When you’re an athlete, you really are what you eat.
There’s few people who know more about food than MasterChef Canada Judge Alvin Leung. That’s why we sat down with him earlier this week to get the insider deets on how to properly fuel up for a workout. The timing really couldn’t have been better either: In an episode set to air this Sunday, Leung will preside over a challenge that will see the show’s contestants prepare dishes for Cirque du Soleil performers, some of the hardest-working folks in the entertainment world. After all, this is a job where a bad meal could literally mean the difference between life and death.
“These are athletes. The things they do require incredible strength and stamina,” Leung said, comfortably seated in a Toronto boardroom.
He’s really not kidding:
So if you want to be chowing down with the best of ’em, what should you be doing before a workout?
First off, Taste is everything
It’s not surprising, coming from someone with a background in culinary arts, that Leung believes the most important aspect of any workout fuel is that it should taste good. “Going to the gym for an hour to an hour and a half, especially if you’re doing the weights, that’s a pretty big sacrifice already,” he said. Food, however, should always be “a form of enjoyment.” He even cited a few athletes who like to munch on a little chocolate before a workout, to reap that quick-hit of energy. “As long as you don’t indulge, you can bring whatever you want,” he said. Which is a perfect reason to ditch those gross protein shakes once and for all and swap them for something more enjoyable. Like chocolate milk, perhaps?
To carb load or not to carb load?
Carbohydrates are important for any workout, but knowing how they effect the body is key to using them properly. “[They are] going to convert to sugar, this is how your body is run,” Leung said. The trick is simply to manage how quickly they can convert into the sweet stuff. You can help control this by choosing carbs of the unrefined variety, like whole grains. Leung specifically mentioned red rice as an example, which is particularly nutritious because the germ is left intact. Loading up on these nutrients, however, is really only necessary if you’re preparing for a heavy cardio-based exercise, like a long-distance run.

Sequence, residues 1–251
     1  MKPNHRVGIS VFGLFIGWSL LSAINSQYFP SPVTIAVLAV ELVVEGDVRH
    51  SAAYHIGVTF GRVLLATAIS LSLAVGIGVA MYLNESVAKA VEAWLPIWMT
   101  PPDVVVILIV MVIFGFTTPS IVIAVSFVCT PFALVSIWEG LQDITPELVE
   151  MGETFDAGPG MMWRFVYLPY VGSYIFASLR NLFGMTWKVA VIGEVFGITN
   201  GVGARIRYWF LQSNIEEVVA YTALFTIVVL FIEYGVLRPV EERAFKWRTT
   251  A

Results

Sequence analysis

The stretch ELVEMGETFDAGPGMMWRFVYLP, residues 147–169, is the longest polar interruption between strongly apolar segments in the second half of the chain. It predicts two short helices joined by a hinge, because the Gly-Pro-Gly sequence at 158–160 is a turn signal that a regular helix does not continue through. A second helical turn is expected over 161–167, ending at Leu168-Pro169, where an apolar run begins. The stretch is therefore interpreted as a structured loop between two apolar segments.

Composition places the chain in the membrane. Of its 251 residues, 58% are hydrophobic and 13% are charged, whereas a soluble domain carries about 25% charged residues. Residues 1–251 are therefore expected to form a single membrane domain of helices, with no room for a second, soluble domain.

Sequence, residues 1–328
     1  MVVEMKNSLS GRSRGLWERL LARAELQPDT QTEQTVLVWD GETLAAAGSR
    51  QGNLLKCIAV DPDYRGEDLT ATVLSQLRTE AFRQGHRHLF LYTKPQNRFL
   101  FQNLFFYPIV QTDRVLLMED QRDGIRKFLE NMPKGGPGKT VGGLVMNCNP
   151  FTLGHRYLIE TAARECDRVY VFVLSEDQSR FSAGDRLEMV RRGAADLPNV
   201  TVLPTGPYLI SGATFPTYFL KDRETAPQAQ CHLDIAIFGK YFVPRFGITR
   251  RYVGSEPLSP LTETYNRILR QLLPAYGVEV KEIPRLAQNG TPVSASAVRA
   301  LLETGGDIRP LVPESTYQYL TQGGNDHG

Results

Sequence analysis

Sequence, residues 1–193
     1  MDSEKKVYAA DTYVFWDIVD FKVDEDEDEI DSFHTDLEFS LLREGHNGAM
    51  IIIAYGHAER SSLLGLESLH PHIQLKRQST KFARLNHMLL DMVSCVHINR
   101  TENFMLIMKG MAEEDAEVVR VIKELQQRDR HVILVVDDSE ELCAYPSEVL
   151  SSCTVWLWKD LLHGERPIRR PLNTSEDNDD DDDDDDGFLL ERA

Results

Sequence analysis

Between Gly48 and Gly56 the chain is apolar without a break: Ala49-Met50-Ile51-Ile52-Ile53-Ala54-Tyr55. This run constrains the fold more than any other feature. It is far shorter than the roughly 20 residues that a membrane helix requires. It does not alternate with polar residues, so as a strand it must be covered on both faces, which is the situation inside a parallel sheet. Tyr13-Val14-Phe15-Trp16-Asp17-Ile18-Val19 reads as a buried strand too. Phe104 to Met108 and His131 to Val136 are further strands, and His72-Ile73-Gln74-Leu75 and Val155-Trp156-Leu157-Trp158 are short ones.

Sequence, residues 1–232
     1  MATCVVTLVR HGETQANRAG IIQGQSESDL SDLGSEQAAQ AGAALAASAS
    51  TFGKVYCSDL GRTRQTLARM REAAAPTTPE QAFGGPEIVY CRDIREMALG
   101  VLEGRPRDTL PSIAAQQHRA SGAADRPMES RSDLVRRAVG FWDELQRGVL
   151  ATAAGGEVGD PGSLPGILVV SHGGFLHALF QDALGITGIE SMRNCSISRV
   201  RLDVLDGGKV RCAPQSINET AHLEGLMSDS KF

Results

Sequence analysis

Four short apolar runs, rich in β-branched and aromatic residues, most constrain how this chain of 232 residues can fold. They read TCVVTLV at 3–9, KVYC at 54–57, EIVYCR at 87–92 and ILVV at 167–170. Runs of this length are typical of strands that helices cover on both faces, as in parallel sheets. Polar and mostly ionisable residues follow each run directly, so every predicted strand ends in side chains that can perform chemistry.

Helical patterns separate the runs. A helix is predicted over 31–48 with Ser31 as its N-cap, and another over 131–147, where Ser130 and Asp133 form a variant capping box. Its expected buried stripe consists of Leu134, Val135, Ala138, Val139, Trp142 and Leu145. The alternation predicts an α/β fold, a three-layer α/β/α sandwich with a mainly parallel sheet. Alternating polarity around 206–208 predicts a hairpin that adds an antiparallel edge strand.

A little grease is A-OK
Fat is nothing to fear, according to Leung. But that still doesn’t mean you should be pulling your pre-workout meal out of a deep fryer. Fat not only improves taste (which is Leung’s No. 1 priority), it acts as the second store of energy your body turns to after it burns through its carbs. “[Cirque du Soleil performers] are people who are burning energy like a Porsche turbo,” he said. “You have to make sure that engine doesn’t stop or stall.” If you’re really watching your fat intake though, Leung did offer an alternative way to excite your taste buds: spices, seasonings and herbs.
OK, but what about protein?
As long as you’re getting your protein from healthy sources like vegetables and chicken, and avoiding red meat where possible, you can’t really go wrong. “It’s okay to overdose on protein,” Leung said. “It’s just going to come out of you naturally.” Of course, if your focus is on building muscle or sculpting a set of washboard abs, you’ll want to pile on the protein both immediately before and after your workout.
Are sports drinks worth it?
Sports drinks can be helpful for strenuous workouts involving lots of sweat (they replenish the precious electrolytes you lose in the process), but you have to watch the sugar content while also finding one you can enjoy. “It’s not like Rocky where you wake up in the morning and drink 40 eggs,” he said. “Now you have drinks, like smoothies.”
“These sports drinks, they work. Just be careful of the sugar.”
The next episode of MasterChef Canada airs on Sunday, March 1 at 7 p.m. ET/PT on CTV.